In order to provide a dock leveler with a positive unlatching mechanism for an extended latched lip, the mechanism unlatches by direct force created by the lip engaging the vehicle or created by the dock leveler descending upon an internal abutment in the event that a vehicle is not present.
In some embodiments, the descent of an unlatched lip is dampened to provide a smooth, safe operation.
In some embodiments, the unlatching mechanism includes one element that not only exerts a force that holds the lip in a latched condition, but also alternately exerts another lower force that allows the lip to descend at a controlled speed.
A positive unlatching mechanism, as provided by a preferred embodiment, might be more reliable than having to rely on spring force to pull relatively small linkages into position or relying on their weight alone to unlatch the lip.
FIG. 1 is a cut-away side view of one exemplary embodiment of a dock lever in its standby position.
FIG. 2 shows the ramp of a dock leveler beginning to rise.
FIG. 3 shows a dock leveler's subbing cable just as it becomes taut.
FIG. 4 shows the dock leveler's lip in a latched mode.
FIG. 5 shows the ramp about to rest the latched lip upon a truck bed.
FIG. 6 shows a toggle-over-center mechanism unlatching the lip.
FIG. 7 shows the ramp and an unlatched lip descending as the truck departs.
FIG. 8 shows a latched lip that missed the truck.
FIG. 9 shows the dock leveler itself forcing the toggle mechanism to unlatch the lip.
FIG. 10 shows an unlatched lip with the ramp pivoted below the loading dock platform.
One example of dock leveler that forcibly unlatches its extended lip by the force generated at a distal end of the lip upon engaging the vehicle is shown in FIG. 1. In this figure, a dock leveler 20 is shown in standby with its pivoting lip 22 stored and its pivoting ramp 24 generally flush with an upper level of a loading dock 26.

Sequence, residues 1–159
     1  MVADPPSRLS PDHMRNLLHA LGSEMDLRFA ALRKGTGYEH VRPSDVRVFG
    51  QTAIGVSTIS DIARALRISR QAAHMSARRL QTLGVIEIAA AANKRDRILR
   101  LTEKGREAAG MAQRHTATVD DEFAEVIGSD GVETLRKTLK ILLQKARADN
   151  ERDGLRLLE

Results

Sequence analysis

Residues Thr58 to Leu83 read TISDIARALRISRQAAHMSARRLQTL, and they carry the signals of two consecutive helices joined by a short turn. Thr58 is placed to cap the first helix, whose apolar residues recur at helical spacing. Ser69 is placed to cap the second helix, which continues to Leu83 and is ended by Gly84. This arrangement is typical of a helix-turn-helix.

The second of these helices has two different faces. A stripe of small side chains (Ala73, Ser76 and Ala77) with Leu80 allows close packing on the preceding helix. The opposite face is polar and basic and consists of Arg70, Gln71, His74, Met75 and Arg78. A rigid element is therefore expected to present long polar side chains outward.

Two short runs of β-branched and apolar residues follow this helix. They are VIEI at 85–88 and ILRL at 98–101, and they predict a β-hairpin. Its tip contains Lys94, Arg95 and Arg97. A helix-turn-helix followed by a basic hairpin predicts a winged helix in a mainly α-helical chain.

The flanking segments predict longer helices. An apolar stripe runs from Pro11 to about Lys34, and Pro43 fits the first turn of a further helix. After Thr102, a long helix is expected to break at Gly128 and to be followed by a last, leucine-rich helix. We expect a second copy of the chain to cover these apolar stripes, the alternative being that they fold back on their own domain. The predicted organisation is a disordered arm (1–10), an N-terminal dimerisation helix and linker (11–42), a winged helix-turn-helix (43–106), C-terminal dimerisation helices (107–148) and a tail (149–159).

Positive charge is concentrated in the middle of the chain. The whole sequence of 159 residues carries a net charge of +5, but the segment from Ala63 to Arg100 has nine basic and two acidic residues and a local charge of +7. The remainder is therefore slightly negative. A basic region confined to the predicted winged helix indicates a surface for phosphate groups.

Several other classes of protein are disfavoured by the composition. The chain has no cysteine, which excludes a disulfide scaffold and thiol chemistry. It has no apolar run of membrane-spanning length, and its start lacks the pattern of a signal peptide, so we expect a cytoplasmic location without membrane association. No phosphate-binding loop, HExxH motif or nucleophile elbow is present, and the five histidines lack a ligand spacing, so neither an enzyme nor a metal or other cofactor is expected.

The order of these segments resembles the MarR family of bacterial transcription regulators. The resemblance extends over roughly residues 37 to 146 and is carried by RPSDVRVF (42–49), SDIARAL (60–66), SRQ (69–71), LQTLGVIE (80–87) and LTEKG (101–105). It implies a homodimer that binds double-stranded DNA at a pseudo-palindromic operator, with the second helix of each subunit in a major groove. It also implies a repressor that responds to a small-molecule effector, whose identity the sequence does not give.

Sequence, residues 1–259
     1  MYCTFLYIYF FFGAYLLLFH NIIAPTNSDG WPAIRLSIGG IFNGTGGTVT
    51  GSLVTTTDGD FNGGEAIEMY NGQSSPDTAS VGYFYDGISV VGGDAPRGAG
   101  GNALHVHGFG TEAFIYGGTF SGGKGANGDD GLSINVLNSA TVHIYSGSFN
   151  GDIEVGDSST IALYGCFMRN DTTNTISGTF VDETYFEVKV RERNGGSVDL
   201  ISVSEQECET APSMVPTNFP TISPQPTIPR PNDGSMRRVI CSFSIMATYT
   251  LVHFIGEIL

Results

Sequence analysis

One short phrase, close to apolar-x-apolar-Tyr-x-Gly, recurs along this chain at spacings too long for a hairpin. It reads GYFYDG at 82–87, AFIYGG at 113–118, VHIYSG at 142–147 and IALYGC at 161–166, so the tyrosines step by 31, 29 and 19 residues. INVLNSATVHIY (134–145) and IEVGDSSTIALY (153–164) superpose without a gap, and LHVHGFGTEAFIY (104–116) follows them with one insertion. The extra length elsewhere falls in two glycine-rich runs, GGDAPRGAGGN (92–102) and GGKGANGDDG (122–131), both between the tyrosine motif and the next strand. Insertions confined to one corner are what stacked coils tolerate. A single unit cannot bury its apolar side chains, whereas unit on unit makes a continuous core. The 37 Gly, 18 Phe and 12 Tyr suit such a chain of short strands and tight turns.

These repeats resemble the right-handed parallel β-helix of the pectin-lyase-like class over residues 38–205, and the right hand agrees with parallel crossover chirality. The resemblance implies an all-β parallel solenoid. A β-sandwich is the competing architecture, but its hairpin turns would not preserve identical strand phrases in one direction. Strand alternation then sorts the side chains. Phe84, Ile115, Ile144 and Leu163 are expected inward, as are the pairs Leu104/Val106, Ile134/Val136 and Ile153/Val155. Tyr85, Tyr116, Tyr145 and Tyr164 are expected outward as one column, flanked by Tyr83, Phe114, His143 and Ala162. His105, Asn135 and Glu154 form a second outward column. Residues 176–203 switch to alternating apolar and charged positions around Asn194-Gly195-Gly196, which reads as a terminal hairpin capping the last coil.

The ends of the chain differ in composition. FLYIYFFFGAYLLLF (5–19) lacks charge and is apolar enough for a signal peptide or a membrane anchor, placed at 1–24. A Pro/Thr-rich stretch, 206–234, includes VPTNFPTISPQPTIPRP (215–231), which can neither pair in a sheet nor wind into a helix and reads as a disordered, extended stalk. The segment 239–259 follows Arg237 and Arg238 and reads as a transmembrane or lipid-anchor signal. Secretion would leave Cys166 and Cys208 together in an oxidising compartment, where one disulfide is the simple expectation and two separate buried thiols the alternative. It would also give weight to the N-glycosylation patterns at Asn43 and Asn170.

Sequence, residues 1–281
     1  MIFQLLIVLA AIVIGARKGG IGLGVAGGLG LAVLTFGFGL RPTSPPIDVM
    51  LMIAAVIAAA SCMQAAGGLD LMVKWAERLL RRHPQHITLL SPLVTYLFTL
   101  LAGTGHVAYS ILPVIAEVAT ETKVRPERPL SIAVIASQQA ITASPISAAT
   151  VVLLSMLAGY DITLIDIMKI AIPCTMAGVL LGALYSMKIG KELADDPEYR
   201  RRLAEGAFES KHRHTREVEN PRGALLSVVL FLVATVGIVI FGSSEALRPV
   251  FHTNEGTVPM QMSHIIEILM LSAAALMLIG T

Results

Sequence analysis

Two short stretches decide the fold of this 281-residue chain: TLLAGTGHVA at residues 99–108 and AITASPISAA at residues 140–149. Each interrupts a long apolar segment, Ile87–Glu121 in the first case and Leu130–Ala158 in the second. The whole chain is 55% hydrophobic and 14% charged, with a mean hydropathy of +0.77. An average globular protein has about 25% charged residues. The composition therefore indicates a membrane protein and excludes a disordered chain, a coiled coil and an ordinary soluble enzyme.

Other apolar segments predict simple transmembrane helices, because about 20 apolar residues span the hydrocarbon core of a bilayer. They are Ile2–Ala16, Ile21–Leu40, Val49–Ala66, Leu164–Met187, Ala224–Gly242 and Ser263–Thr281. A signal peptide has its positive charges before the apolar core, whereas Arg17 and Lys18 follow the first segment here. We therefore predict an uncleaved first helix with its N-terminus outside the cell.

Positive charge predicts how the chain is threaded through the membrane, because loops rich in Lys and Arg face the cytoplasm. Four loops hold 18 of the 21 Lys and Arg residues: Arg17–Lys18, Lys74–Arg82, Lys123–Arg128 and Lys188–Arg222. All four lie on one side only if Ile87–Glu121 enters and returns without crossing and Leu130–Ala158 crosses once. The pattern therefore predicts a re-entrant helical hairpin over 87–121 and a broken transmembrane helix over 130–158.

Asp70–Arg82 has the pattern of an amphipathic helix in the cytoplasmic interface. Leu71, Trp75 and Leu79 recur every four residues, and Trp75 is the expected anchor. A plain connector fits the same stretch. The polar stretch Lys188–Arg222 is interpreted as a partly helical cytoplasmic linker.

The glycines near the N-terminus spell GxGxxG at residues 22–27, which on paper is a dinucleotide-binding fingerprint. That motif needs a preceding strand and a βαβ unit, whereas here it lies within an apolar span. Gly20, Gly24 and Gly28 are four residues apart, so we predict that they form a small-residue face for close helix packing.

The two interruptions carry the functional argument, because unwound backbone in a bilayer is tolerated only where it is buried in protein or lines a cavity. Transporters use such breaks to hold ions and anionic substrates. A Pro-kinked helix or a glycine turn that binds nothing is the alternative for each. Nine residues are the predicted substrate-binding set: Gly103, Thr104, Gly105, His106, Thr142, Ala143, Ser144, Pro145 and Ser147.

When a vehicle 32, such as a truck, arrives at dock 26, ramp 24 pivots upward about a hinge 28 connected to a frame 30. This starts raising a front edge 34 of ramp 24, as shown in FIG. 2. In this case, a lifting device 36 is employed to assist the upward pivotal motion of ramp 24. Examples of lifting device 36 include, but are not limited to, a hydraulic cylinder, a pneumatic cylinder, an air bag or a spring (gas or mechanical).
Ramp 24 continues to rise, which tightens an elongated snubbing member 38, as shown in FIG. 3. In this example, snubbing member 38 connects a main link 40 to frame 30 and can be any one of a variety of elongated members. Some examples of snubbing member 38 would include, but not be limited to, a cable, a chain, a strap, or even a sliding rod or link with a slot.
Once snubbing member 38 is taut, ramp 24 continuing to pivot upward causes snubbing member 38 to pull main link 40 counter clockwise, as shown in FIG. 4. Main link 40 rotates about an axis 42 whose position is fixed relative to ramp 24 by way of a conventional bracket. Such a bracket is well known by those skilled in the art and is only schematically incorporated in the illustration of axis 42 to more clearly show the operation of dock leveler 20. Rotational motion of main link 40 drives a lip link 44 by way of a pin 46 engaging the end of a slot 48 of lip link 44. A second pin 50 couples lip link 44 to a lip lug 52 that rigidly extends from lip 22. Thus, lip 22 pivots (in relation to ramp 24) about a hinge 54 in response to main link 40 rotating.
In one exemplary embodiment, main link 40, in conjunction with lip link 44 provides a toggle-over-center mechanism 56 that latches lip 22 in an extended position prior to ramp 24 descending. In FIG. 3, mechanism 56 is first shown in an unlatched configuration with pin 46 generally above a line 58 that is defined by axis 42 and pin 50. Then, as main link 40 rotates to the position shown in FIG. 4, pin 46 moves generally below line 58 to place mechanism 56 in an over-toggle, latched configuration. To avoid making it too difficult to unlatch, a stop 60 is fixed relative to ramp 24 to prevent mechanism 56 from over-traveling in its latched configuration.
Once latched, the over-toggle position of main link member 40 and lip link member 44 holds lip 22 in a latched mode. Member 44 exerting a holding force 61 against lug 52 holds lip 22 substantially fixed relative to ramp 24, regardless of any tension in snubbing member 38. This ensures that lip 22 remains extended over the back edge of the vehicle, as ramp 24 pivots downward, as shown in FIG. 5. As ramp 22 descends farther, as shown in FIG. 6, the underside of lip 22 engages vehicle 32. For example, lip 22 might rest upon the back end of a trailer bed of a truck.